Rumsfeld says US military trial of Saddam unlikely.
Defence Secretary Donald Rumsfeld on Tuesday called a U.S. military trial of Saddam Hussein unlikely but did not rule it out, and said the United States reserved the right to change his prisoner-of-war legal status.
Iraq's U.S.-appointed Governing Council is setting up a war crimes tribunal to try the former Iraqi president, captured on Dec. 13. The U.S.-led Coalition Provisional Authority said last month it has trained Iraqi judges and lawyers to try Saddam and his entourage on charges that may include genocide and crimes against humanity.
During a Pentagon briefing, Rumsfeld publicly addressed Saddam's status for the first time since the Pentagon announced on Friday that the United States had declared the 66-year-old captive an enemy prisoner of war who was due a host of rights under the Geneva Convention.
Asked whether the Bush administration intended to conduct a U.S. military trial of Saddam or to turn him over to the Iraqi people for trial, Rumsfeld was noncommital, saying that "my impression is that the president (George W. Bush) is leaning toward having the Iraqis play a significant role."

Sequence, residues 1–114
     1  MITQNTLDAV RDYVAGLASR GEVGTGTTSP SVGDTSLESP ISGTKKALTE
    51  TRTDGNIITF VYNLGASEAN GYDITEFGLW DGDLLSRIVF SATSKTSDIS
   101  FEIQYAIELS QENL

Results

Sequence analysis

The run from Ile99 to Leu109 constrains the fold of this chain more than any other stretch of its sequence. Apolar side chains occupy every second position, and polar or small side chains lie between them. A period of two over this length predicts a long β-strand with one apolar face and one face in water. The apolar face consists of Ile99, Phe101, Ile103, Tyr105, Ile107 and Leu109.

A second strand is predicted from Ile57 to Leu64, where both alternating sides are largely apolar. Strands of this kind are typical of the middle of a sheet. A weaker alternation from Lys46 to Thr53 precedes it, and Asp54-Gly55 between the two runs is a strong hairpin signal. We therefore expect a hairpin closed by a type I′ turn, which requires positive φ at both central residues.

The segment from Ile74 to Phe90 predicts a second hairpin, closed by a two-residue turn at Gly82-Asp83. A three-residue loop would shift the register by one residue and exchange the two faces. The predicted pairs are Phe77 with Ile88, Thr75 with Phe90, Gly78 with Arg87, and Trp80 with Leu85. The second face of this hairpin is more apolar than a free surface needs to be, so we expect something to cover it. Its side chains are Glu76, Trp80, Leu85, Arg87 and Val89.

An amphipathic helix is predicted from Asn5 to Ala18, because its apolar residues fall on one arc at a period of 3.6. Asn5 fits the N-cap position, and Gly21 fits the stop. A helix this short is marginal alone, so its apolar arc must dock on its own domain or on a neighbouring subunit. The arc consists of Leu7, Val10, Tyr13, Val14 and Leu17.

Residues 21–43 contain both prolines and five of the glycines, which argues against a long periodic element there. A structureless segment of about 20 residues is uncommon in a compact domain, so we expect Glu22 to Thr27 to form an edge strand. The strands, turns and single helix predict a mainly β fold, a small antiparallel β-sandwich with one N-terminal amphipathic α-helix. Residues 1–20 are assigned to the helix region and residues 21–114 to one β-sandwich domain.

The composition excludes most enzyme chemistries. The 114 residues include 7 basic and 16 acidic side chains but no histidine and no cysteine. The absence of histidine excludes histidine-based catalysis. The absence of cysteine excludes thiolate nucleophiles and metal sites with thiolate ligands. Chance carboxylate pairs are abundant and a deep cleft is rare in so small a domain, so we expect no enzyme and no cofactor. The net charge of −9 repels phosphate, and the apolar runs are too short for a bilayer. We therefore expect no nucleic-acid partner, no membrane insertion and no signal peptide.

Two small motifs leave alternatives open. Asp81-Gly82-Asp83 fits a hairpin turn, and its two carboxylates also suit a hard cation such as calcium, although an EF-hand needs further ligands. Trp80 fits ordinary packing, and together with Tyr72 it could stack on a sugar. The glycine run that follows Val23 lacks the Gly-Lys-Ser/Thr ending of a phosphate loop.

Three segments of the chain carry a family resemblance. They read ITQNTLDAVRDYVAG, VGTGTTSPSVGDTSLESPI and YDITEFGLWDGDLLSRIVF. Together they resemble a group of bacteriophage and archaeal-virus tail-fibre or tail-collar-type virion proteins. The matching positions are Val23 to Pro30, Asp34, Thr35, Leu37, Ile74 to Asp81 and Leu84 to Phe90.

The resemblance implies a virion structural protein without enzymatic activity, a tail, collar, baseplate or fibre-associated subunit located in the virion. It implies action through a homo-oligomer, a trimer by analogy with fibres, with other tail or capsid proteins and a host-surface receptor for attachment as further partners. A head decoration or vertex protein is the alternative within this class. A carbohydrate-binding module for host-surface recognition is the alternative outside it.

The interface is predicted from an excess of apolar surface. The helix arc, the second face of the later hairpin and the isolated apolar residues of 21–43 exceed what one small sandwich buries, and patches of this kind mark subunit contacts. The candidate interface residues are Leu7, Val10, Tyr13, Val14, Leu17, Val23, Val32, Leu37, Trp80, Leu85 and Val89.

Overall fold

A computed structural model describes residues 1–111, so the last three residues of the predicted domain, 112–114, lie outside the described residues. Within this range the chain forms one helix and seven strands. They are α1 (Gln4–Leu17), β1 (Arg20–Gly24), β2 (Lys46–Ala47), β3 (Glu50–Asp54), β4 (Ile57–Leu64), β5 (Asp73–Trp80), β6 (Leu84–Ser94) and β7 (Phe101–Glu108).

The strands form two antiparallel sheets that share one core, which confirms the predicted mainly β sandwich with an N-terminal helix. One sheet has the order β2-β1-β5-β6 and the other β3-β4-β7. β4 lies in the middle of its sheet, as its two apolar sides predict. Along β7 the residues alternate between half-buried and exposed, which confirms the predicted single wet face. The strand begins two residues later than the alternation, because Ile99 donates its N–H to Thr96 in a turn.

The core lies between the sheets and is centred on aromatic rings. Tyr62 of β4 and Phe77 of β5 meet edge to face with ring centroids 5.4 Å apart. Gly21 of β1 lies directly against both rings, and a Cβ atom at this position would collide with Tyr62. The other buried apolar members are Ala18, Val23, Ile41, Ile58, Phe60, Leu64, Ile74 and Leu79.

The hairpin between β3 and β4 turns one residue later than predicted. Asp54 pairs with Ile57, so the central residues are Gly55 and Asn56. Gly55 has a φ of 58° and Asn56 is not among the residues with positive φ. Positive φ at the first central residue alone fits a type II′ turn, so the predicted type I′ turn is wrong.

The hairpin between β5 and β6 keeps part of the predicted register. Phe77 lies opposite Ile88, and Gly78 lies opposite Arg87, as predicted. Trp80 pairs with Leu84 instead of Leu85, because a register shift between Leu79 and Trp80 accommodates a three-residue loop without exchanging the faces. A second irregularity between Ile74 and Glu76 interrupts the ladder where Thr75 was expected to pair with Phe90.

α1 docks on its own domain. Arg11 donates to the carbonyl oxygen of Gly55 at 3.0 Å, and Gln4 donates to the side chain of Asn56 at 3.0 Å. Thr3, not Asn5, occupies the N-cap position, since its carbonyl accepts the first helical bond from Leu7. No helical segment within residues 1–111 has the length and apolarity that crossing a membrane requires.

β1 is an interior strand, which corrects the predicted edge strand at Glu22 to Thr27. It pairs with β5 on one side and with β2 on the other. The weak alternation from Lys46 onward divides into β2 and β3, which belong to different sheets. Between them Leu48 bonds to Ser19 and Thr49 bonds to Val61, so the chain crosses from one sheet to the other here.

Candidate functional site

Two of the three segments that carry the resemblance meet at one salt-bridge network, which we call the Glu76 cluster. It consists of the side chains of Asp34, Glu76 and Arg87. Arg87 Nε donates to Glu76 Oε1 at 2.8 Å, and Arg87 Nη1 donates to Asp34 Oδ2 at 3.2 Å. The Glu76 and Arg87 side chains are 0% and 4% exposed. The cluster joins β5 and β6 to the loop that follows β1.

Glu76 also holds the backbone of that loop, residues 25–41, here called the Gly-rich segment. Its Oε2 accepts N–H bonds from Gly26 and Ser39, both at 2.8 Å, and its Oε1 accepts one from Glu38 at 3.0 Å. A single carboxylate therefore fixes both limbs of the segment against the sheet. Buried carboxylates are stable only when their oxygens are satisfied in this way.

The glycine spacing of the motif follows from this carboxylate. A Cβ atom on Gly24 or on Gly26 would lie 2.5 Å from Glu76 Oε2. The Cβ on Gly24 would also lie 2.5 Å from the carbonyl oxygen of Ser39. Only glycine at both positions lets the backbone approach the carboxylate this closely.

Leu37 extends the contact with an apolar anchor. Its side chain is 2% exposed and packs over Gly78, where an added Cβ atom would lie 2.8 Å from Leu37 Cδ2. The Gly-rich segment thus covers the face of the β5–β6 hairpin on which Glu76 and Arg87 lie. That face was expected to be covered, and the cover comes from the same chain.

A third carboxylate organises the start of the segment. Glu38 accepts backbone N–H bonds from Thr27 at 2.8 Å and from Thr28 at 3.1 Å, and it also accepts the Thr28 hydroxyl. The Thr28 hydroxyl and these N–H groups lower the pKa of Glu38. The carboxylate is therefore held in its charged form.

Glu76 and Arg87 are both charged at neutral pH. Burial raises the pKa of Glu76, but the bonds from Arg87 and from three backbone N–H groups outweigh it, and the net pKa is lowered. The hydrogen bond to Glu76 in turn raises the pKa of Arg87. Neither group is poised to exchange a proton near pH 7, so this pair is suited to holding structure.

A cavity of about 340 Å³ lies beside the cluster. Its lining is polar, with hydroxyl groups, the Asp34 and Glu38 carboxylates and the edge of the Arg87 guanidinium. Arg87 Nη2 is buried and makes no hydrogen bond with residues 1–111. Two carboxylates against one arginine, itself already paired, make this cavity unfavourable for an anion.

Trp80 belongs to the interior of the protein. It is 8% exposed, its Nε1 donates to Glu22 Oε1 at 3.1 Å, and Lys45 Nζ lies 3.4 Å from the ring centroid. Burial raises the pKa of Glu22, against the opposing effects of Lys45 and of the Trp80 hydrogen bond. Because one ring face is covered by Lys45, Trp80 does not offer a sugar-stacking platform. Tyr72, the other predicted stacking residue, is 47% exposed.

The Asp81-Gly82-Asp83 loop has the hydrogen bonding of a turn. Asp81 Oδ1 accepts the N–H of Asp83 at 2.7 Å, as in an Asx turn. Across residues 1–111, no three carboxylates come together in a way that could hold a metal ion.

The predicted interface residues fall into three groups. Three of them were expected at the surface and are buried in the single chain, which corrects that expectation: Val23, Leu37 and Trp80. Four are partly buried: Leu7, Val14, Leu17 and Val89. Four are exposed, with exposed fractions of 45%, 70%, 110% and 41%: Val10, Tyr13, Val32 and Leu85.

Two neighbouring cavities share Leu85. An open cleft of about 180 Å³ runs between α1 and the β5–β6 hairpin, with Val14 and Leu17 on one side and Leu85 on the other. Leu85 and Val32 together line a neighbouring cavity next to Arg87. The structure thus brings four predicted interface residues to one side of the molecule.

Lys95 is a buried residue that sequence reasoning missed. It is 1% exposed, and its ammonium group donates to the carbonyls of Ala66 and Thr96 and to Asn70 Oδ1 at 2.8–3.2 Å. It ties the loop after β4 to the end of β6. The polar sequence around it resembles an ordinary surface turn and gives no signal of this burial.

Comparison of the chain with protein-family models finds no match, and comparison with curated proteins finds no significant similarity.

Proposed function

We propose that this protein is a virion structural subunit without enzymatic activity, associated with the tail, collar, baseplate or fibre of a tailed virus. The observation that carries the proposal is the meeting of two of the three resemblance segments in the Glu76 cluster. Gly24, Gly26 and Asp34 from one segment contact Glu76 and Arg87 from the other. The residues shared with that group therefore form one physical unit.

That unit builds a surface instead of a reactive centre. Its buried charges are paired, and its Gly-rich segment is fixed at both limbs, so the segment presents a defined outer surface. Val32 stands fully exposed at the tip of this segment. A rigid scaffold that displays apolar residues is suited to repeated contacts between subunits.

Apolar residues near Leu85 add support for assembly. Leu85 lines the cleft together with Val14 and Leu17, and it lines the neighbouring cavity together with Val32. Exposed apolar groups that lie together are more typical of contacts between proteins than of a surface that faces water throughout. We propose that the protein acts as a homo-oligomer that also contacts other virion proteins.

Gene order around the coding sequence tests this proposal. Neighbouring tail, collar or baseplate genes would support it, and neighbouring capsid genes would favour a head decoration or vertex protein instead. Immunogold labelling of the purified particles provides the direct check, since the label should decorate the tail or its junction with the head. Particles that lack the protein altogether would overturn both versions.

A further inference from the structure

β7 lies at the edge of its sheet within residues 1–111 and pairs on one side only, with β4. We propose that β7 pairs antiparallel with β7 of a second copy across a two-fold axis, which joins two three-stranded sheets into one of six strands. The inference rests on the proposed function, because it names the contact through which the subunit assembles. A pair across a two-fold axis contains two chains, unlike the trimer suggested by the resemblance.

Rumsfeld said a U.S. military trial was "into the lower end of the probability range, I would think."
The Pentagon is in the final stages of preparations for U.S. military trials of some of the foreign terrorism suspects being held at Guantanamo Bay, Cuba. Legal activists and human rights groups have sharply criticised the Pentagon's rules for the tribunals, saying the rights of defendants were not sufficiently protected.
Critics also have expressed concern over a possible trial of Saddam by Iraqis, saying Iraq under U.S. occupation lacks the people and institutions for a fair trial and calling for proceedings before an international court.
During the briefing, Rumsfeld said Saddam could be prosecuted for crimes against the Iraqi people, actions against the Kuwaiti people and actions against Iranians.
Saddam's forces invaded Kuwait in 1990 and used chemical weapons against Iranian troops during the Iran-Iraq war in the 1980s.
Saddam's POW classification may not be permanent, Rumsfeld suggested. "His status can be reviewed at any time, more than once. And so as additional information or as decisions are made, that may be either changed or amplified." He did not specify what would trigger such a review.
Rumsfeld referred to the toppled Iraqi leader as "an enemy prisoner of war for the period up to May 1," when Bush declared major combat operations over in Iraq. "And he has the potential for being prosecuted for activities after May 1 involving the insurgency and the killing of coalition troops," he added.
The Geneva Convention on treatment of prisoners of war requires, among other things, that the International Committee of the Red Cross have access to POWs, and that POWs receive humane treatment and proper food.
[Source: Reuters, Washington, Us, 14Jan04]
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